Photo es­say

The charm of road­side ru­ins and their sto­ries

go! Platteland - - CONTENTS -

The crunch of old bro­ken glass un­der my feet, the rus­tle of pi­geons star­tled from their sleep on rot­ting rafters, the musty smell of crum­bling walls and the view through a win­dow­less frame that looks over a for­got­ten wheat field. This is what fu­els my imag­i­na­tion.

I’ve al­ways had a fas­ci­na­tion with ru­ins. I think it’s the mys­tery of them that at­tracts me. Who lived there? Why did they leave? Was it some fam­ily tragedy, like the death of a child or a wife in child­birth, or a farm that be­came un­pro­duc­tive and had to be aban­doned? There is also the im­mense si­lence that I find ther­a­peu­tic in this noisy age of bur­glar alarms, hoot­ing cars and bustling city life.

Since I was a teenager, I’ve been try­ing to doc­u­ment as many ru­ins as pos­si­ble, be­fore they dis­solve into the ground or are swept away by mod­ern de­vel­op­ment. A big pho­to­graphic in­flu­ence was Arthur El­liott, a US am­a­teur pho­tog­ra­pher who came to the Cape as a refugee in 1900 and had the fore­sight to doc­u­ment many old build­ings with his prized quar­ter-plate cam­era as they were dis­ap­pear­ing or crum­bling to dust, even then. He would wait for hours or even days un­til he got ex­actly the right light, and found peo­ple – some­times a res­i­dent or a model – to pose in the photo, thought­fully placed in a scene to add a bit of drama or mys­tery.

I usu­ally don’t have as much time as he did: my ruin pho­tos are of­ten taken dur­ing road trips when my trav­el­ling part­ner has to en­dure be­ing pulled over to the verge of many a high­way or farm road as I snap away at some rot­ting ar­chi­tec­tural relic while other mo­torists whizz by or shout ob­scen­i­ties at me for ob­struct­ing the road… >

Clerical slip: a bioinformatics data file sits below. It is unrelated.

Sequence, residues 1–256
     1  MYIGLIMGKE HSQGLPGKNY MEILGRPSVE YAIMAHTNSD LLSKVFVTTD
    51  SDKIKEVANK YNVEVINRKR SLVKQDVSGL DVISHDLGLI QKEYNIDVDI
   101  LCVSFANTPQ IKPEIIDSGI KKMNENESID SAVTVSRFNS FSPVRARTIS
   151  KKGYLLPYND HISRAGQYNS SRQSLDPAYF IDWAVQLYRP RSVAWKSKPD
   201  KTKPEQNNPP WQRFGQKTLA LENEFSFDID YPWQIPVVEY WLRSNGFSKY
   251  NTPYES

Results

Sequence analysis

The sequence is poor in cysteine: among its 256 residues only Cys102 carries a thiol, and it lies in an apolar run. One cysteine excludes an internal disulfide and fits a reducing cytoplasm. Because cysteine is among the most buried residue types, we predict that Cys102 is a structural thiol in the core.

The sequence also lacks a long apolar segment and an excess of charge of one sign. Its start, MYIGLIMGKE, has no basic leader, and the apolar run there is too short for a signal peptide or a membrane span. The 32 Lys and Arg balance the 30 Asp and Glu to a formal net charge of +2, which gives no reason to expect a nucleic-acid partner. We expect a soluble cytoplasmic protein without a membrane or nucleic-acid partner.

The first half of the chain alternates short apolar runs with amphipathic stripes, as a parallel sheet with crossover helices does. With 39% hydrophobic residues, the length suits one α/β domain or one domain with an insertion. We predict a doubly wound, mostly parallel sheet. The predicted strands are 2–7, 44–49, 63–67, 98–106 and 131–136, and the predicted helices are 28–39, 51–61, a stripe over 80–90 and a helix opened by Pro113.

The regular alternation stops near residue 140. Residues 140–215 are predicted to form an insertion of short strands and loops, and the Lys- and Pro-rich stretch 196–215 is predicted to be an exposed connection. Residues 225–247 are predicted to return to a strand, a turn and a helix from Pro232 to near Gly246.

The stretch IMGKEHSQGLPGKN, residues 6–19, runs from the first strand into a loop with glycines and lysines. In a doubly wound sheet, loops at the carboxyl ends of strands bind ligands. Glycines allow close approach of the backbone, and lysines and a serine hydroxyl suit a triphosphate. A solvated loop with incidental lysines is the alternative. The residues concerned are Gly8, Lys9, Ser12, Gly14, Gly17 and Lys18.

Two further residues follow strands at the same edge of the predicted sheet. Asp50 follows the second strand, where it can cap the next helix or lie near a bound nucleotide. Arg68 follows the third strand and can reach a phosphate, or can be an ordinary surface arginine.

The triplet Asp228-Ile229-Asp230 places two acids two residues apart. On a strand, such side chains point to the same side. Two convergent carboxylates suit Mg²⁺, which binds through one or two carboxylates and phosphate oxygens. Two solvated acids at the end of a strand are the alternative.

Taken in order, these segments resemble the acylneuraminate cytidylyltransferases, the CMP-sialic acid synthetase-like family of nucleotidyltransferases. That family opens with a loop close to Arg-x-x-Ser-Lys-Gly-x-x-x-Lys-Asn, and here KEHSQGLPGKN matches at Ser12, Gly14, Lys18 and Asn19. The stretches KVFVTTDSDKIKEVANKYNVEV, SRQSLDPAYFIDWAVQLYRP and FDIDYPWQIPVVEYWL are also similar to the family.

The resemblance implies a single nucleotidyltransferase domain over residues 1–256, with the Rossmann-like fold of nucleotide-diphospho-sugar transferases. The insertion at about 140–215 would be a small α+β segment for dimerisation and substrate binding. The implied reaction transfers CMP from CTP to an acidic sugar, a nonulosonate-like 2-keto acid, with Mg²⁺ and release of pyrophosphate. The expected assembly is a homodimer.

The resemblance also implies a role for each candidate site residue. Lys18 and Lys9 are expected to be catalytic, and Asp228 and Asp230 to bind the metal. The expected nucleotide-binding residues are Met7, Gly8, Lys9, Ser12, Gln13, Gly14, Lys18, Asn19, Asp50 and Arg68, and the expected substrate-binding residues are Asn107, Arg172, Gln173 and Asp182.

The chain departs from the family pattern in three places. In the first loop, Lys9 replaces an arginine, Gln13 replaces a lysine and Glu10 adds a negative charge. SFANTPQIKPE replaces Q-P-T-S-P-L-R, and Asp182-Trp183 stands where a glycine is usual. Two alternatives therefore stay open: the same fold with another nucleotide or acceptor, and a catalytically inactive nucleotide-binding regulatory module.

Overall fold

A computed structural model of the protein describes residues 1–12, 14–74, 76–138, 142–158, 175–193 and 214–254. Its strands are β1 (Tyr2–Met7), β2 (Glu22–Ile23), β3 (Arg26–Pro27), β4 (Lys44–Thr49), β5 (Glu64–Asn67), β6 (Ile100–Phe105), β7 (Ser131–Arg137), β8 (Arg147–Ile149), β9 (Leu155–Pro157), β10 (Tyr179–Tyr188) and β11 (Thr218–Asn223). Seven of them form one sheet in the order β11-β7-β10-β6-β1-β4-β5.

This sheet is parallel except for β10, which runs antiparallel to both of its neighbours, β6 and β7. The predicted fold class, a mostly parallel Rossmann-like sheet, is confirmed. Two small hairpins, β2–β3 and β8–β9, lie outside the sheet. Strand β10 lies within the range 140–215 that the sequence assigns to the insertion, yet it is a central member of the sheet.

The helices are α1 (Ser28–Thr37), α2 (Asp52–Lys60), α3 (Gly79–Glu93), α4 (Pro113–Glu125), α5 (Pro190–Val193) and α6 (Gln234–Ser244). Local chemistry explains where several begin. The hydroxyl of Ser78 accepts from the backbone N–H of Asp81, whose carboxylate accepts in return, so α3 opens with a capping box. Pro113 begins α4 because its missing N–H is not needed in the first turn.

But I don’t see a rot­ting relic – to me, as the Imo­gen Heap song says, “There’s beauty in the break­down.” As the old plas­ter peels off, I can mar­vel at the skil­fully built stone walls re­vealed be­neath (some­times built by slaves), or crudely packed to­gether rocks and koffiek­lip filled in with beach or river peb­bles. My sharp eye can spot pieces of pot­tery and porce­lain catch­ing the sun­light along­side an old ruin, some­times still ly­ing undis­turbed on the sur­face ex­actly where they were dis­carded decades or even cen­turies ago. A prized wil­low-pat­tern din­ner plate that sur­vived an ar­du­ous ox-wagon trek, only to be dropped and bro­ken dur­ing a care­less mo­ment, or a wine bot­tle tossed into the veld af­ter the con­tents have been emp­tied with gusto – each shard has a story.

And here’s the rub: although I’m a pas­sion­ate preser­va­tion­ist, I have to ad­mit that when a ru­ined house is oc­ca­sion­ally re­stored I feel a lit­tle sad. Although the build­ing has been saved for fu­ture gen­er­a­tions to en­joy, a lit­tle bit of the mys­tery and magic is lost. I’d pre­fer that the build­ing was pre­served at the ex­pense of the mys­tery, though.

There’s still one place I haven’t pho­tographed, the holy grail of ru­ins as far as I’m con­cerned: the aban­doned Ger­man di­a­mond­min­ing town of Kol­man­skop near Lüderitz in Namibia. Its at­trac­tive houses half-sub­merged in sand dunes have al­ways fas­ci­nated me, and I must get there soon – it’s def­i­nitely one for my bucket list. Any­body want to drive there with me?

Last stand Point­ing like a sculp­tural fin­ger into the sky, this dis­solv­ing frag­ment is all that’s left of a mud brick house not far from Matjies­fontein. Brick by brick An­other one bites the dust on the Houtk­loof Road near Napier.

A piece of the puz­zle Of­ten I find small shards of old bro­ken porce­lain, earth­en­ware or glass near a ruin. These frag­ments can help ar­chae­ol­o­gists to date the build­ing, and should never be moved or re­moved from the site. I pho­to­graph them and leave...

Stair­way to yes­ter­day One of the most fas­ci­nat­ing ru­ins I’ve come across is De Gren­del, a beau­ti­fully built stone struc­ture that is rapidly de­te­ri­o­rat­ing at the top of Deer Park in Cape Town. Now hid­den un­der thick bushes and trees, the house was...

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